Why I am telling you about Ether, and why do I call her the Shiphrah that I met. Malkhaz would later tell me that it was Ether and her sister, both school teachers, who kept the Christian church alive in Georgia during the Soviet rule by pastoring an underground church just outside of Gori—the home place of Joseph Stalin. He told me stories of how she and her sister had risked their very lives to keep the social gospel alive in Georgia; how in courageous acts of civil disobedience, they changed the history of The Republic of Georgia. They paved the way for those who would come after them—Malkhaz, Rusudan and others—preaching a social gospel of radical inclusiveness, hospitality, and love. Through oral tradition, they had no Georgian Bibles, they taught the stories of a man named Jesus who healed the sick, welcomed the stranger, ate with sinners, broke down the dividing walls of hostility, who was persecuted and an immigrant himself. Their underground church became a sanctuary for those who were being persecuted because of their faith. And today, through their small gestures and heroic acts, the social gospel is alive in The Republic of Georgia. Two women, school teachers, changed the history of their country because they understood the power of love is so much stronger than the love of power. They chose power rooted in acts out of love, not the fear of punishment, and they changed their world.
There are two kinds of power in this world. Listen to how one person described these two kinds of power:
The power of love and the love of power are two very powerful forces that drive human beings to a state of sanity or insanity. These two forces are absolute opposites, and it is either one or the other. You can never have both forces in your life because your heart is not big enough to accommodate both. One is a healer and the other is a destroyer. One loves and brings people together but the other hates and divides people. One is a big giver that expects nothing back in return but the other gives only to take it all back plus more. One is very brave and brilliant but the other is a coward and very stupid. One represents peace but the other represents war. The power of love is an awesome healing balm for the soul while as the love of power is a very dangerous poison for the soul. The power of love is a magnificent force that makes you aware of other people’s sufferings and needs. But the love of power makes you think you are better than others so you look down and take advantage of them any time an opportunity presents itself. The power of love moves you out of your comfort zone and gives you the zeal to help the poor, the sick and the less privileged. But the love of power could care less about those unfortunate people…The power of love empowers you to speak out for those who can’t speak for themselves, and defend those who can’t defend themselves.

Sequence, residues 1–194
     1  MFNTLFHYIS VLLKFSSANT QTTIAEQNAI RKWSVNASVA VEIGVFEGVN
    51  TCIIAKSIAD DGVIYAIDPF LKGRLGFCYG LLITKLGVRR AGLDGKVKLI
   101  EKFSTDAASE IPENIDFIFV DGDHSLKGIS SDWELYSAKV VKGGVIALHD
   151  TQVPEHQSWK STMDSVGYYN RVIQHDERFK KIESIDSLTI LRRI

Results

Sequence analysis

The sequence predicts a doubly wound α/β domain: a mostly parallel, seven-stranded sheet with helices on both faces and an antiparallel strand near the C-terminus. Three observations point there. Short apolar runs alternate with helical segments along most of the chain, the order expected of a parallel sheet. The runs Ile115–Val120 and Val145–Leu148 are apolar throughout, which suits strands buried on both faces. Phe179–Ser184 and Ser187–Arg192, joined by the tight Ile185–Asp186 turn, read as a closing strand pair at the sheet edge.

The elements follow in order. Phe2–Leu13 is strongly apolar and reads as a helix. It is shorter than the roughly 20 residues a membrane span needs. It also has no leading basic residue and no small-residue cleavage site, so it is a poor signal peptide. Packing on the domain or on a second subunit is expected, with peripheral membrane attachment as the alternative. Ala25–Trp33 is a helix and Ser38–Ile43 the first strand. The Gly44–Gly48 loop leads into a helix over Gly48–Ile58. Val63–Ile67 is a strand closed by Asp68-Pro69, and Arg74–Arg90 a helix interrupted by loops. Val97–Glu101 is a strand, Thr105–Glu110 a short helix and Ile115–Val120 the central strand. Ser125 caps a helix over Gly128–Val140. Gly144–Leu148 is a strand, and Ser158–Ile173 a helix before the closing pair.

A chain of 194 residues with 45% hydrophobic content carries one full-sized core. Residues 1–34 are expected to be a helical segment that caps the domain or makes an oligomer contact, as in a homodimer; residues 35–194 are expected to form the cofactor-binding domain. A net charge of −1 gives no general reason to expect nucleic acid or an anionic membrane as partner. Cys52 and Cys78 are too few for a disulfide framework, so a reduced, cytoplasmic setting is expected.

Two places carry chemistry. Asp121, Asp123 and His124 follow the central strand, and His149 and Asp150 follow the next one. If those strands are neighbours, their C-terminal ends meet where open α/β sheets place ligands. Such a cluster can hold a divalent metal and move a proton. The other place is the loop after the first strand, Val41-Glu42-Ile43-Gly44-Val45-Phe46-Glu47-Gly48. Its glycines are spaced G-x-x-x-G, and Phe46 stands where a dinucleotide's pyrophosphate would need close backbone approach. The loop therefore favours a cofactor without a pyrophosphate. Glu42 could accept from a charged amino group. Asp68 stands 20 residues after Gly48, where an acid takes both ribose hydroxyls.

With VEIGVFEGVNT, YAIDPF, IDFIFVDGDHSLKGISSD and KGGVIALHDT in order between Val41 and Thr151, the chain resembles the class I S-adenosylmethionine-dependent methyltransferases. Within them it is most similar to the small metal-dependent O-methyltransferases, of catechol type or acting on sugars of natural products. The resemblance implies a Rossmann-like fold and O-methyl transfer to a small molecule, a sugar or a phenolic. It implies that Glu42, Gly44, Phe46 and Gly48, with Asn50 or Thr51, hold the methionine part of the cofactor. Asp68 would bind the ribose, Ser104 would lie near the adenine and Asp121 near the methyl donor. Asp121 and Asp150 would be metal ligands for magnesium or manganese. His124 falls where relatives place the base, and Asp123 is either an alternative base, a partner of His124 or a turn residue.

The love of power makes people live a false life, drives them crazy, makes them chase after vanity 24/7, and leaves them hungry, thirsty, empty, frustrated, depressed and hurting deep down…But on the other side, the power of love is real, truthful, the greatest and the most positive force in the whole universe that every soul and everything is craving for on a daily basis. The power of love empowers us to do everything out of love no matter what it may take or how long it may take.
I worry that when we hear the word “power” we assume it is a commodity reserved for kings, presidents, the wealthy, the privileged. While it is true that powerful people have more power, it is also true that every single one of us has power, and that we daily make the choice of which kind of power we will access and use. In the presence of a powerful pharaoh, the question Shiphrah and Puah were faced with was: Will we understand our own power through the fear of punishment, or through acts of love? In the presence of much injustice in our world, the question we are faced with is: Will we, like Ether and her sister, stand against injustice and the pharaohs of our day by committing ourselves to small gestures and heroic acts of love?
What if I told you that you have the power to change the world? Would you believe me? Do you believe me?